In late August, when riots erupted in Kenosha, Wisconsin, CNN featured a reporter standing in front of a burning car lot above a chyron that read: “Fiery but mostly peaceful protests after police shooting.” The use of the chyron was striking in its peculiar earnestness, considering that the words “mostly peaceful protest” had long since become a bitter in-joke for right-leaning social media. Indeed, from the moment the first protests began in late May, mainstream media outlets have downplayed or ignored instances of violence or destructive looting. On May 29, MSNBC’s Ali Velshi was reporting from Minneapolis in the aftermath of the killing of George Floyd when he insisted he was seeing “mostly a protest” that “is not, generally speaking, unruly” despite the fact that he was literally standing in front of a burning building at the time.
Yet Velshi was hesitant to ascribe blame to the arsonists and looters. “There is a deep sense of grievance and complaint here, and that is the thing,” he explained. “That when you discount people who are doing things to public property that they shouldn’t be doing, it does have to be understood that this city has got, for the last several years, an issue with police, and it’s got a real sense of the deep sense of grievance of inequality.”
Reporters such as the New York Times’ Julie Bosman openly struggled to describe what happened in places like Kenosha by using words like “riots” or “violence.” “And there was also unrest. There were trucks that were burned. There were fires that were set,” Bosman said, relying on the passive voice in an appearance on The Daily, the Times’ podcast. “People were throwing things at the police. It was a really tense scene.” So tense, in fact, that the next night, when protestors clashed with volunteer militia members and a 17-year-old named Kyle Rittenhouse shot three of them, killing two, Bosman wasn’t there to cover it. “It felt like the situation was a little out of control. So I decided to get in my car and leave,” she explained.
Why would a Times journalist need to flee from a “mostly peaceful” protest?
A few days after his network’s “mostly peaceful” chryron, CNN’s Chris Cillizza tweeted, “Trump’s effort to label what is happening in major cities as ‘riots’ speaks at least somewhat to his desperation, politically speaking.” Cillizza then linked to a CNN story whose featured image was a police officer in riot gear standing in front of a burning building in Kenosha. In July, NBC’s local television station in Oakland featured a headline that read: “Group Breaks Off of Mostly Peaceful Protest, Vandalizes Police Station, Sets Courthouse on Fire.” On June 3, the Wisconsin State Journal in Madison actually ran this headline: “Third night of looting follows third night of mostly peaceful protest.”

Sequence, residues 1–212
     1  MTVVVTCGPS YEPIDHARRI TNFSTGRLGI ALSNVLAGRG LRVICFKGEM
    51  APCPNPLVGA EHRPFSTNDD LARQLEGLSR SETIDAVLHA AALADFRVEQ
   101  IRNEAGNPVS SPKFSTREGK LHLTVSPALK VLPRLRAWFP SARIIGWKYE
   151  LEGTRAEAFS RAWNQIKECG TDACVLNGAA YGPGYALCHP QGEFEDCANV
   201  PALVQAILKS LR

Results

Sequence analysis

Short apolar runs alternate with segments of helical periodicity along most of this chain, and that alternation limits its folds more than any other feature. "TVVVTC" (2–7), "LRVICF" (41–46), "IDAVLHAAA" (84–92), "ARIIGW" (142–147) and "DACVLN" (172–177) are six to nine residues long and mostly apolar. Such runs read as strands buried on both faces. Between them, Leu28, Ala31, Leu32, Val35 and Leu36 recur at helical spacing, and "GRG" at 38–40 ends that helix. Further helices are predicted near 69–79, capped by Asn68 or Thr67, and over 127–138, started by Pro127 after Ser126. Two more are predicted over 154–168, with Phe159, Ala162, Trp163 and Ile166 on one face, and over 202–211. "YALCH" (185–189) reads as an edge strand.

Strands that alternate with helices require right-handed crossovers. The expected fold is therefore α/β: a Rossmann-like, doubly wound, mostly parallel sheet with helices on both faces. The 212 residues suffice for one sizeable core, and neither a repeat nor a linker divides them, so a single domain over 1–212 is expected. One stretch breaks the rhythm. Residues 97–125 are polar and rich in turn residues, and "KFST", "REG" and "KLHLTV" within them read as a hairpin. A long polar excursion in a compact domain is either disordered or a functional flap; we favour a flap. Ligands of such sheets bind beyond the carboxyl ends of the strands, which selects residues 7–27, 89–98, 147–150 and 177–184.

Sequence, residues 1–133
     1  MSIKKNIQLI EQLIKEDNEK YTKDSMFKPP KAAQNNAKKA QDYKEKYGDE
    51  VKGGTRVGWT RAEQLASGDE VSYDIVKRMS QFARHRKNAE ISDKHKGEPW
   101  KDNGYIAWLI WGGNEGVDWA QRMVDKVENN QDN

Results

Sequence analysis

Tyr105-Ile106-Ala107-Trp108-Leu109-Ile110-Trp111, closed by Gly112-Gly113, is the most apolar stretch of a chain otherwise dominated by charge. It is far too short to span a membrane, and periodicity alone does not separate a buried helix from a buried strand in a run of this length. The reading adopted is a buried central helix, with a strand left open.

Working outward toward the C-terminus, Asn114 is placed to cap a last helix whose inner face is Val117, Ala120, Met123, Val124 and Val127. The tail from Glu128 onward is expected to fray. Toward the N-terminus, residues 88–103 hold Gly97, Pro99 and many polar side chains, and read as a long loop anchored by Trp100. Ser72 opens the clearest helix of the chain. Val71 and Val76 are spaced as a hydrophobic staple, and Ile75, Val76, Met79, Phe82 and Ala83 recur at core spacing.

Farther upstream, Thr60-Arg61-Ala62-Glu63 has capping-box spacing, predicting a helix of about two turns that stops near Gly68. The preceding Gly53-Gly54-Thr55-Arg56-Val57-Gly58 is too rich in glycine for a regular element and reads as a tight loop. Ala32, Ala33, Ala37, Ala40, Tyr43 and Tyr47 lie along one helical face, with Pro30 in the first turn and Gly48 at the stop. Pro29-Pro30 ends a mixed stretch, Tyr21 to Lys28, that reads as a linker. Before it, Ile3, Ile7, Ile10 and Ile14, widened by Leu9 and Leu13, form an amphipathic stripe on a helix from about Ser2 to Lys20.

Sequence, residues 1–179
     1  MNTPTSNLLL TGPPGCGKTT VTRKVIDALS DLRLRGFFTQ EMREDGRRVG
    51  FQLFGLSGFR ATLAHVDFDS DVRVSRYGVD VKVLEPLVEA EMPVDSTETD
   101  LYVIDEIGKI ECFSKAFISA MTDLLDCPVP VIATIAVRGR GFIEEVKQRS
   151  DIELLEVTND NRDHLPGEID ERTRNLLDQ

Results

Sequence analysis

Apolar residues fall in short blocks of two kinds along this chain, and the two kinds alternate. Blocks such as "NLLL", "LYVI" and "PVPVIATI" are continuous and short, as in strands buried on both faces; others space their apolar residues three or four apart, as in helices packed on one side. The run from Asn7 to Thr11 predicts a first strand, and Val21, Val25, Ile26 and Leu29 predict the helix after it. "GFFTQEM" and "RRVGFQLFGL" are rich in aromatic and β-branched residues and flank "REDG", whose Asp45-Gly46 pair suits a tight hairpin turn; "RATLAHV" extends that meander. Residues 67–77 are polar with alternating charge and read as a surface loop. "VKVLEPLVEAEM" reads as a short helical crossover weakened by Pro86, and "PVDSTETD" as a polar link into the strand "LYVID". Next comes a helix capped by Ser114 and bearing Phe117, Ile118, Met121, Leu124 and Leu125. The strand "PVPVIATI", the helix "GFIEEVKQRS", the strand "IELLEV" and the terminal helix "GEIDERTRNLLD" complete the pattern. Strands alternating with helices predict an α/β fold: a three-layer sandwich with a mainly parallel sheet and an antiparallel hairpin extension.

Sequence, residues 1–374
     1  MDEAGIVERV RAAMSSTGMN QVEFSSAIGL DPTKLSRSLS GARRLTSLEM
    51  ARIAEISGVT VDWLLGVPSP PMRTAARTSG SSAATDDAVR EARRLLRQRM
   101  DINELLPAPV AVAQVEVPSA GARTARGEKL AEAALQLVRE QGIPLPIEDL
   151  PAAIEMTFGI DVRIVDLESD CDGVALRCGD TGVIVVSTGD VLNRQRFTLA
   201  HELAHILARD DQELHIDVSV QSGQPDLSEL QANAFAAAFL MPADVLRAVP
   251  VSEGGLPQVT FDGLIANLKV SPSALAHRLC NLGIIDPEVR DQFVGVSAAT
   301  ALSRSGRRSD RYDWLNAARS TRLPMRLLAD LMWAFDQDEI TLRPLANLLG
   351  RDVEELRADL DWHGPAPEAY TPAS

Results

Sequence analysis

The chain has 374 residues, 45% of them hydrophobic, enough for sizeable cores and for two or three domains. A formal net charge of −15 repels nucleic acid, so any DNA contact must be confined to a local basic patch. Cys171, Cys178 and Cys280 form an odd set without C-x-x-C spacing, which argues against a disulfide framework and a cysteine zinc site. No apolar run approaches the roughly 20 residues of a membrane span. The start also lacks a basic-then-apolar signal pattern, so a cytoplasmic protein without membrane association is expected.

Despite the media’s strenuous effort to downplay their existence, the destructive riots and looting this summer were easily found by anyone willing to look. Six weeks into the summer’s protests, independent journalist Michael Tracey drove across the country documenting them. As he wrote in the UK digital magazine, Unherd: “From large metro areas like Chicago and Minneapolis/St. Paul, to small and mid-sized cities like Fort Wayne, Indiana, and Green Bay, Wisconsin, the number of boarded up, damaged or destroyed buildings I have personally observed—commercial, civic, and residential—is staggering.” Andy Ngo and other nonmainstream types have spent months documenting the destruction in cities like Portland and Seattle. And yet, the “peaceful protest” mantra has remained ubiquitous.
Moreover, when media outlets did acknowledge protest-related violence, they often implied that it was instigated by the members of law enforcement sent to respond to it. In a roundup about protests on a single day in early June, for example, the New York Times featured headlines such as “Police crack down after curfew in the Bronx” and “Police use tear gas to break up protest in Atlanta.” Later that month, the New York Times featured a tweet thread with video of protests in Seattle that included images of police in tactical gear and the statement: “Officers dressed for violence sometimes invite it.”